I may be accused of cheating on this one. Not because of my “save scumming”, mind you, as there is zero shame in doing that when it comes to XCOM Enemy Unknown. I’ll get to why in a bit, but suffice it to say the reason some may not relish the idea of me writing up a review for the game is I’ve technically done it twice already: once for its classic old-school flavor and once as a first impressions.

However, at time of writing I’ve poured 32 hours into the game, which is more than I’ve spent in some MMOs, so there’s got to be something to it worth talking about.

Courtesy Firaxis Games

The playability of the game may be tied into its emphasis on long-term goals and costs. When the game begins, after your first firefight, you’re given the choice of where to place your initial base. This is actually a crucial decision, as the bonus you get tied to the continent you choose is rather significant and stays with you throughout the game. Research takes time, manufacturing takes resources, and soldiers rarely start at a high rank, meaning each aspect of the game requires investment aimed towards a future payoff. In the case of the soliders, it’s payoff you may never see if they die in combat.

Speaking of combat, the few problems I’ve encountered with the UI during missions remain, but are thankfully not terribly frequent. Soldiers still occasionally shoot in the wrong direction, hot buttons for skills can move around which messes with you when you feel the pressure to get the Heavy out of the way of that charging Berserker he is about to go all Juggernaut on your ass, so on and so forth. But it still holds up in spite of the bugs and rewards forethought, positioning, mixed unit tactics, and not charging headlong into the enemy.

Courtesy Firaxis Games

While some of the complexity and outright terror of the original game has been lost, the current iteration of XCOM remains tense and absorbing. This is especially true of Ironman mode. When you are unable to save when you wish and cannot load a previous save from within the game, you are forced to face the consequences of every action you take. Each decision must be weighed carefully. A mistake can spell disaster, and there is no going back. I consider this the ‘proper’ way to play, but if you’re unfamiliar with XCOM, don’t enable Ironman the first time you play. It can be an absolutely punishing experience, and without the safety net of so-called “save scumming”, your only recourse is to start the entire game over.

I have long admired this game’s previous iteration for its difficulty and complexity, and I continue to do so. While it may have lost some of its depth with the loss of time units and the watering-down of in-combat options, the perfect balance between developing your resources in your anthill-like base and getting said resources by shooting at aliens is entirely intact. As frustrating as it can be to lose a high-ranking soldier, playing the game never ceases to be fun and challenging. Even if you reload the same mission half a dozen times because a would-be sniper apparently can’t hit the broad side of a barn.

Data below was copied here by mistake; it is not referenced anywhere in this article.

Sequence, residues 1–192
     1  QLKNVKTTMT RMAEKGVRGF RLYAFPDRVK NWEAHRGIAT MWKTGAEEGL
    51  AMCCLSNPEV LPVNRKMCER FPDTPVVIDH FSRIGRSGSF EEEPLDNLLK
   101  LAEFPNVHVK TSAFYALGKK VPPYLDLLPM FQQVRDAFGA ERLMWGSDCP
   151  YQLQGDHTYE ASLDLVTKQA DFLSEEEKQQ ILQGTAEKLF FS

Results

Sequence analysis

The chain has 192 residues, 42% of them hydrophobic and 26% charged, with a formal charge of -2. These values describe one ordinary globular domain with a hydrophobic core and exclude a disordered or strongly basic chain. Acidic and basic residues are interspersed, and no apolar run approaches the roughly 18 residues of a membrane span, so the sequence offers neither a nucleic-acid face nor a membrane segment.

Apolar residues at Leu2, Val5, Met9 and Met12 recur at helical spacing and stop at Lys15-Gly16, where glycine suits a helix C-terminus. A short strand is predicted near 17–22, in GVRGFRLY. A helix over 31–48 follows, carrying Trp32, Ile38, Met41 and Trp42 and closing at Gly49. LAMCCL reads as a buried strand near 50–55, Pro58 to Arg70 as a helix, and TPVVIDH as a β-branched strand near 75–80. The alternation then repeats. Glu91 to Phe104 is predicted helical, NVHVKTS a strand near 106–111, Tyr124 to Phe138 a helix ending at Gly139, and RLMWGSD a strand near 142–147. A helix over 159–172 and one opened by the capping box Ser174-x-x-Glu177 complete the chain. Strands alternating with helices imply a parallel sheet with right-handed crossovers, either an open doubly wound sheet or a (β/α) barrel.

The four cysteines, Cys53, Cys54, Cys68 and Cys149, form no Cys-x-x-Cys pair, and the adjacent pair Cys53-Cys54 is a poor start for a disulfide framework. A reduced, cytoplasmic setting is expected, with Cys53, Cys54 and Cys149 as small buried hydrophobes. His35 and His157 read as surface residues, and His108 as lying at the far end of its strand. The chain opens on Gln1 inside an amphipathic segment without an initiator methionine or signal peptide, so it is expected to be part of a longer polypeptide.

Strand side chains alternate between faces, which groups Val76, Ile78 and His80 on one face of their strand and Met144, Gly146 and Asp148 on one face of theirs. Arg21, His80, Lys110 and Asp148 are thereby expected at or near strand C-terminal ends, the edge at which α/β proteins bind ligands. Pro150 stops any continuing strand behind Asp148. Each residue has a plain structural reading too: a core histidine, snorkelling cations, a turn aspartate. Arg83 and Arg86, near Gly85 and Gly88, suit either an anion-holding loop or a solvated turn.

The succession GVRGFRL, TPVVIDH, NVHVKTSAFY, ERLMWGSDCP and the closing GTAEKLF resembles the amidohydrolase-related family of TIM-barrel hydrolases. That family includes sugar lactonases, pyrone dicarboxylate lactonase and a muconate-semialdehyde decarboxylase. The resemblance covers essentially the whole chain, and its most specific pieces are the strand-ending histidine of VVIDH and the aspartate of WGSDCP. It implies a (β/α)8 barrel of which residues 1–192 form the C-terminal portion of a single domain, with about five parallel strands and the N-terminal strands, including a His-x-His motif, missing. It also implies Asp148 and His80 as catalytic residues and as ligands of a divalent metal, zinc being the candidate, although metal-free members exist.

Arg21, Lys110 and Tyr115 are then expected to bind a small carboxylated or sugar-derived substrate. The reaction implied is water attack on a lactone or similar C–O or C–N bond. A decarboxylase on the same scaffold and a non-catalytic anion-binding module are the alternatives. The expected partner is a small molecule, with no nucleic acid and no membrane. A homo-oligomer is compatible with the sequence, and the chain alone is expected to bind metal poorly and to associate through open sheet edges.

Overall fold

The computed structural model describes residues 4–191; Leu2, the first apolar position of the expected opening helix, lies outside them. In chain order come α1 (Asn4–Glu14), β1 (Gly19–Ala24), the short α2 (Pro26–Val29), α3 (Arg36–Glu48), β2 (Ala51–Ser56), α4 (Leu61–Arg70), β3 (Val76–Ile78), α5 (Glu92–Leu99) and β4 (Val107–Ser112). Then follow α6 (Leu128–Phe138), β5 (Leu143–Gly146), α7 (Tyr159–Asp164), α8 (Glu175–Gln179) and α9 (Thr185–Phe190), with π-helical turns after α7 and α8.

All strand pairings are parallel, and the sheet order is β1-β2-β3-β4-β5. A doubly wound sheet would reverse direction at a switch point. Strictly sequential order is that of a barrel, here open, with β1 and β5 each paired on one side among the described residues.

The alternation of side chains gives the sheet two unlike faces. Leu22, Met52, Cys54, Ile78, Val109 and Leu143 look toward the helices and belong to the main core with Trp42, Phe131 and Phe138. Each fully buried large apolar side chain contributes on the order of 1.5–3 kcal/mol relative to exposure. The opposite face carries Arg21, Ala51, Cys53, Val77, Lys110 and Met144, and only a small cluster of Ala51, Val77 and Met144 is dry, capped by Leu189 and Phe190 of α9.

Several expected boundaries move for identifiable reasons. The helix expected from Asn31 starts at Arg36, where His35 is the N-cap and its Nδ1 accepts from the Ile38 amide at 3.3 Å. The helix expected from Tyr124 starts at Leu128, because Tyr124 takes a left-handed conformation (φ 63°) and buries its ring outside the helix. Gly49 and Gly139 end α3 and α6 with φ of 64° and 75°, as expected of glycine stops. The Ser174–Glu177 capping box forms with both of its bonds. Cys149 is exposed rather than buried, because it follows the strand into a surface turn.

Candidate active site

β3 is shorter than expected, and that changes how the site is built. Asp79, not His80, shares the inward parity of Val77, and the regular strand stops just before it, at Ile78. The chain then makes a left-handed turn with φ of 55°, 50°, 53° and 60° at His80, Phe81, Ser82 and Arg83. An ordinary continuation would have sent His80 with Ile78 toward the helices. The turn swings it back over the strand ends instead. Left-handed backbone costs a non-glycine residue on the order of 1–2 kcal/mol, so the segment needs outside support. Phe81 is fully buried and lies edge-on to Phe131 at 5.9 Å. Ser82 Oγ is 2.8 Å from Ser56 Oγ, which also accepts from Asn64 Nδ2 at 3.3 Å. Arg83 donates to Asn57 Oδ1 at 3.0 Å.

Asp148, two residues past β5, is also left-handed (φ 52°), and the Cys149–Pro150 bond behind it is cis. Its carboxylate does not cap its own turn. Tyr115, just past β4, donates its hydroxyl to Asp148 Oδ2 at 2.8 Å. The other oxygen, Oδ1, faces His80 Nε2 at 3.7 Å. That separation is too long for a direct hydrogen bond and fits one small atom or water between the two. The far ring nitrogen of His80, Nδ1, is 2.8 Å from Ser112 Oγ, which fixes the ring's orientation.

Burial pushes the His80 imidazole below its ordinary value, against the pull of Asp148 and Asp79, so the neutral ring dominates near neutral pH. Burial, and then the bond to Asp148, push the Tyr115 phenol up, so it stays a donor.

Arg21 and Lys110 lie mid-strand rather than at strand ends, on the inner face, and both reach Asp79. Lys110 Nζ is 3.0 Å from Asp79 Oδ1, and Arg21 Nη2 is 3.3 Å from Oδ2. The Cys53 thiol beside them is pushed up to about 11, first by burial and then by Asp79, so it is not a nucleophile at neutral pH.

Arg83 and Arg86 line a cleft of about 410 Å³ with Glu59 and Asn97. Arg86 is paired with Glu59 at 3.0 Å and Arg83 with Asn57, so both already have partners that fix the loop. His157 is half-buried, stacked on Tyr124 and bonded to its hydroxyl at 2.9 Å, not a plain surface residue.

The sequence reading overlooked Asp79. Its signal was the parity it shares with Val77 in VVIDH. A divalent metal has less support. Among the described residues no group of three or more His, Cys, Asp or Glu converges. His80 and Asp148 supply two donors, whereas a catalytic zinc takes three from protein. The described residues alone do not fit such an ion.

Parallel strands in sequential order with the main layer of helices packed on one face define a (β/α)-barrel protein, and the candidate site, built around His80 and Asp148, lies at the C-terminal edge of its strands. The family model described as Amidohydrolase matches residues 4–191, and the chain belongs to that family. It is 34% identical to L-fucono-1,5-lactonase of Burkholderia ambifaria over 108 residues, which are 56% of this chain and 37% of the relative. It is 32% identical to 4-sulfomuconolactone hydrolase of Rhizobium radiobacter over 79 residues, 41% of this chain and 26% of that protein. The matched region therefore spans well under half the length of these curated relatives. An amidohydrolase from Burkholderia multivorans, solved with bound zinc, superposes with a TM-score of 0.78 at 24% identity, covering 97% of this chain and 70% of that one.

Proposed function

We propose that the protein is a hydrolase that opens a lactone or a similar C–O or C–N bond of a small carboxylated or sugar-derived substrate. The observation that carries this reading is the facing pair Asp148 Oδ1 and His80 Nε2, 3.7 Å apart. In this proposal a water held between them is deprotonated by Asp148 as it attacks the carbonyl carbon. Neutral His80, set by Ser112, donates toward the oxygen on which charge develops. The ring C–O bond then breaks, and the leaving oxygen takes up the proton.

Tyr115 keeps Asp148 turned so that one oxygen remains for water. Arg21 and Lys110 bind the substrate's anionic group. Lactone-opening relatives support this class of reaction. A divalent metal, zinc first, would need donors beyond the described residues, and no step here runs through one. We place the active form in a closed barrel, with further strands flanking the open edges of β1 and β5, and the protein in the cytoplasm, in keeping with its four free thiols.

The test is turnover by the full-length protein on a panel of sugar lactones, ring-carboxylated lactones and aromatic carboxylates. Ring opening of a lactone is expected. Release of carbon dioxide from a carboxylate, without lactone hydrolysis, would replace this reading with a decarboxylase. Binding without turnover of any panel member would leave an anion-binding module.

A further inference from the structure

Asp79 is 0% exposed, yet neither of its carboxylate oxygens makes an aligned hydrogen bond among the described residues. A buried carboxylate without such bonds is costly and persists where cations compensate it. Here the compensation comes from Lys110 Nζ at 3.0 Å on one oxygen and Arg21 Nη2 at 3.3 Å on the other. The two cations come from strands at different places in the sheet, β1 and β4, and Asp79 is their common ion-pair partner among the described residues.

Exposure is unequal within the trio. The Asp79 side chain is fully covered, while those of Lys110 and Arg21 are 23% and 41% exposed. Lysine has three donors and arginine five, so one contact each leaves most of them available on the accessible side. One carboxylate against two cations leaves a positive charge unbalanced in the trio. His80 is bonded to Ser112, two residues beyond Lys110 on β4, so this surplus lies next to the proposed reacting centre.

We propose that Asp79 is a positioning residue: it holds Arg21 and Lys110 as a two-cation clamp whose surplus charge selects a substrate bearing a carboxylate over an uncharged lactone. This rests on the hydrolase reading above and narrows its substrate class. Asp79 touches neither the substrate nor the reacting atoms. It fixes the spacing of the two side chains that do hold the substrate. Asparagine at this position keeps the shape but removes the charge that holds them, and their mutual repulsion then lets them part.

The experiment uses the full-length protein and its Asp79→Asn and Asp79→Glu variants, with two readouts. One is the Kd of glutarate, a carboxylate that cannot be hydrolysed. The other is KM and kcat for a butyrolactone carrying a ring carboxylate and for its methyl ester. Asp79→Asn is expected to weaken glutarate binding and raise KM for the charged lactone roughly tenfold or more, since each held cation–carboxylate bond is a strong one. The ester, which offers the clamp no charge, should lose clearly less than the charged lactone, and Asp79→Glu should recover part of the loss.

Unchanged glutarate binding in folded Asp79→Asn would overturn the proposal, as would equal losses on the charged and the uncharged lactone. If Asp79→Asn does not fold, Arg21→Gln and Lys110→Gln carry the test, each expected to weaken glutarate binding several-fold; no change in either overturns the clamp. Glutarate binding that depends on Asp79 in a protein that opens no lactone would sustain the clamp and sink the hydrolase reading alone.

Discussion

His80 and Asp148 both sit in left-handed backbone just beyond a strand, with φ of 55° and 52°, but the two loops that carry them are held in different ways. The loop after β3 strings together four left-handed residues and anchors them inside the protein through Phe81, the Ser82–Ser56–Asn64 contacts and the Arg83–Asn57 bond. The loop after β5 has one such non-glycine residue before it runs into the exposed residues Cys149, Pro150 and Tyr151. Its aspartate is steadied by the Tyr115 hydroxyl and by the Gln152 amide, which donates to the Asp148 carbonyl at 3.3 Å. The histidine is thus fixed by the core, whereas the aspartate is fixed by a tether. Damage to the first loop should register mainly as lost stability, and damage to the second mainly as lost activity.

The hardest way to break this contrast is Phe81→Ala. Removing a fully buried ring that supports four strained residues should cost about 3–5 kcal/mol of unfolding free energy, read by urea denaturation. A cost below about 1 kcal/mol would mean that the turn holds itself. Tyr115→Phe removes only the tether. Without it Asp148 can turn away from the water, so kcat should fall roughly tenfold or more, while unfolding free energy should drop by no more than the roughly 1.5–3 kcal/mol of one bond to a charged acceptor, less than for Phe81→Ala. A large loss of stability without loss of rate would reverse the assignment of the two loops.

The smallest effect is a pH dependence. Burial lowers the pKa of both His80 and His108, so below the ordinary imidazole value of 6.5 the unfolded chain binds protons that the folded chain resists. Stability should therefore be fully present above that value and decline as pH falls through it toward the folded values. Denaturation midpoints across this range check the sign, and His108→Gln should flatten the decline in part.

Courtesy Firaxis Games
“I’ve got a bad feeling about this…”

Stuff I Like: The new aesthetic and the cutscenes have grown on me. There’s an emphasis on planning and coordinated tactics that is good to see. The way in which the challenges ramp up keeps the game tense.
Stuff I Don’t Like: The random nature of the alien assaults and the payouts for missions can be a touch frustrating. The aforementioned bugs can get in the way of a ‘clean’ gaming experience. And would more than one accent really have been that difficult to nail down?
Stuff I Love: Pulling off a mission with no casualties makes you feel like a boss. The base-building is surprisingly involving and ties very closely into mission performance, which makes the whole game flow very well. An excellent soundtrack psyches you up for your missions, raises tension when enemies are in sight, and maintains an aura of dread even when all is well. And while this may be unintentional, the knowledge of bugs and miss chances means that your soldier pulling off an excellent shot is all the more satisfying to watch.

Bottom Line: Reviving XCOM could never have been an easy sell, and the fact that Firaxis pulled it off this well is astonishing in and of itself. XCOM Enemy Unknown proves that its blend of resource management and tactical turn-based combat is viable in an environment of modern military shooters and RPG-like slash-em-ups. In spite of its bugs, it is one of the best games I’ve played all year.